The problem is not electricity; it’s the fact that the grid connects them too strongly to the world outside of their local community, violating the Amish commitment to the biblical tenet to “be in the world, but not of it.” ( )
  jpv0 | Jul 21, 2021 |
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In September 2016, the influential blogger and commentator Andrew Sullivan wrote a 7,000-word essay for New York magazine titled "I Used to Be a Human Being."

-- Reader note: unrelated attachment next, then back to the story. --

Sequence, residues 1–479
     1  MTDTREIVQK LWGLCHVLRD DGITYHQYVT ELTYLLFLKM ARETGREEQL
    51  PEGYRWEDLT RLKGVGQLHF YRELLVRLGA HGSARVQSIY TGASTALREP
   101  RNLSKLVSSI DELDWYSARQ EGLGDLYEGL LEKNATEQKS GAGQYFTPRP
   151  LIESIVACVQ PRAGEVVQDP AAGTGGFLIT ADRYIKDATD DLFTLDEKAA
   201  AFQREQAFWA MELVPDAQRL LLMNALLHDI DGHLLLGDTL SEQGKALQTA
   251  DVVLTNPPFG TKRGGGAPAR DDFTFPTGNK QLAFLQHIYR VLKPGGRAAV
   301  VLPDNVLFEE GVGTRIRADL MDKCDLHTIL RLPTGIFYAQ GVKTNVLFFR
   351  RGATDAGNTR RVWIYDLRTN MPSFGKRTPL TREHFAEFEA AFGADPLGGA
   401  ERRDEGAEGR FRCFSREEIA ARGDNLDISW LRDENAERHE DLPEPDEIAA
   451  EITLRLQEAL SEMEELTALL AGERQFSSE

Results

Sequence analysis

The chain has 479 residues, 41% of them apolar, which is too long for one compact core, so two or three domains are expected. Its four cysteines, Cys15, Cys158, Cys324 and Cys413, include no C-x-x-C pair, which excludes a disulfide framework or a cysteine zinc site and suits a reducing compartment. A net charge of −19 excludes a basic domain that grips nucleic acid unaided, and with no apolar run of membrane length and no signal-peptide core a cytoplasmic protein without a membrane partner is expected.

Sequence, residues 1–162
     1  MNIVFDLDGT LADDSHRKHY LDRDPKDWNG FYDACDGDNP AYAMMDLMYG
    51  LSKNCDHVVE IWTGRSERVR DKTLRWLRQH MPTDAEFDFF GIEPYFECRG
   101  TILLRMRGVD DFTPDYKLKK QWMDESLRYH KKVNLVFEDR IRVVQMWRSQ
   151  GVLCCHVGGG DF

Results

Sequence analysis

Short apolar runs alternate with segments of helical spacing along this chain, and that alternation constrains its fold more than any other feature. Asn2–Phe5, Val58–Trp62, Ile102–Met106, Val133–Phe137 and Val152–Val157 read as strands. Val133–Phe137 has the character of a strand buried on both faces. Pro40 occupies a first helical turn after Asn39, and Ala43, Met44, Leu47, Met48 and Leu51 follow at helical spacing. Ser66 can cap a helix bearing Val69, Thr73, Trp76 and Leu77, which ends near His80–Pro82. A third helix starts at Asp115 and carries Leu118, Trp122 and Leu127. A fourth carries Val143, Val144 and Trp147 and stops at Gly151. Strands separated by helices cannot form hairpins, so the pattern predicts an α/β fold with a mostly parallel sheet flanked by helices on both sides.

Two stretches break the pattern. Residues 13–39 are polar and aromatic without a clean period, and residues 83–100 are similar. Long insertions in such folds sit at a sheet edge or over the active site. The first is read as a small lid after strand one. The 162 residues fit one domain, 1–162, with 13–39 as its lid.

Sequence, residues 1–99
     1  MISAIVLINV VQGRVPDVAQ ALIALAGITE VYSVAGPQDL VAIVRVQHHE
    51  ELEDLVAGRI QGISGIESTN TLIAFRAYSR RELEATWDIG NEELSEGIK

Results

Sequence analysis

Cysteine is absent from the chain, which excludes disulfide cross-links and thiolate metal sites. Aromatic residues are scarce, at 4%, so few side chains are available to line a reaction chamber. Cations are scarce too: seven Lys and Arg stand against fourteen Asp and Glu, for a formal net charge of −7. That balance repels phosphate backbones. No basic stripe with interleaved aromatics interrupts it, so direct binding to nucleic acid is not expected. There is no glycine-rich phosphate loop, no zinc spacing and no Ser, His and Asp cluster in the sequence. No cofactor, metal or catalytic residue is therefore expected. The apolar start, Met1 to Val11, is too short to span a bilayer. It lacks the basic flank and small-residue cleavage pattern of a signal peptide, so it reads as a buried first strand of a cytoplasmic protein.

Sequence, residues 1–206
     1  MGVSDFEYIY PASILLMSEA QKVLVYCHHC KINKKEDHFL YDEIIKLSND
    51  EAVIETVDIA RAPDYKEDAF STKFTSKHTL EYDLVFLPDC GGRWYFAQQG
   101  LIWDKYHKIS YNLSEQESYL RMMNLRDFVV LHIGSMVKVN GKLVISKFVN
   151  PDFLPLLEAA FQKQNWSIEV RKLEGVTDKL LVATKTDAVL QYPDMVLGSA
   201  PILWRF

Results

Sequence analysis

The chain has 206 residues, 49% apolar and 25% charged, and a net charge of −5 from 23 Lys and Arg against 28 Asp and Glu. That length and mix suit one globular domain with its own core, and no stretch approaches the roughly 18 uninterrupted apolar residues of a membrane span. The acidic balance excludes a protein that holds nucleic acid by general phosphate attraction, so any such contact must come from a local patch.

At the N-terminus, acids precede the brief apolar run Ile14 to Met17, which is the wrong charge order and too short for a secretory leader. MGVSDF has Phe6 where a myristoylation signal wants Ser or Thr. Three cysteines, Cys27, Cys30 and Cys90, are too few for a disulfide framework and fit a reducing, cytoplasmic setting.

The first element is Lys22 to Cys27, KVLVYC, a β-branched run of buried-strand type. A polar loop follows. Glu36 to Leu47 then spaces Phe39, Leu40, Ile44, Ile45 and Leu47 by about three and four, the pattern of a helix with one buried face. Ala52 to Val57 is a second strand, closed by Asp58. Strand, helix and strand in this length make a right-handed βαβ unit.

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A New York Times, Wall Street Journal, Publishers Weekly, and USA Today bestseller "Newport is making a bid to be the Marie Kondo of technology: someone with an actual plan for helping you realize the digital pursuits that do, and don't, bring value to your life."--Ezra Klein, Vox Minimalism is the art of knowing how much is just enough. Digital minimalism applies this idea to our personal technology. It's the key to living a focused life in an increasingly noisy world. In this timely and enlightening book, the bestselling author of Deep Work introduces a philosophy for technology use that has already improved countless lives. Digital minimalists are all around us. They're the calm, happy people who can hold long conversations without furtive glances at their phones. They can get lost in a good book, a woodworking project, or a leisurely morning run. They can have fun with friends and family without the obsessive urge to document the experience. They stay informed about the news of the day, but don't feel overwhelmed by it. They don't experience "fear of missing out" because they already know which activities provide them meaning and satisfaction. Now, Newport gives us a name for this quiet movement, and makes a persuasive case for its urgency in our tech-saturated world. Common sense tips, like turning off notifications, or occasional rituals like observing a digital sabbath, don't go far enough in helping us take back control of our technological lives, and attempts to unplug completely are complicated by the demands of family, friends and work. What we need instead is a thoughtful method to decide what tools to use, for what purposes, and under what conditions. Drawing on a diverse array of real-life examples, from Amish farmers to harried parents to Silicon Valley programmers, Newport identifies the common practices of digital minimalists and the ideas that underpin them. He shows how digital minimalists are rethinking their relationship to social media, rediscovering the pleasures of the offline world, and reconnecting with their inner selves through regular periods of solitude. He then shares strategies for integrating these practices into your life, starting with a thirty-day "digital declutter" process that has already helped thousands feel less overwhelmed and more in control. Technology is intrinsically neither good nor bad. The key is using it to support your goals and values, rather than letting it use you. This book shows the way.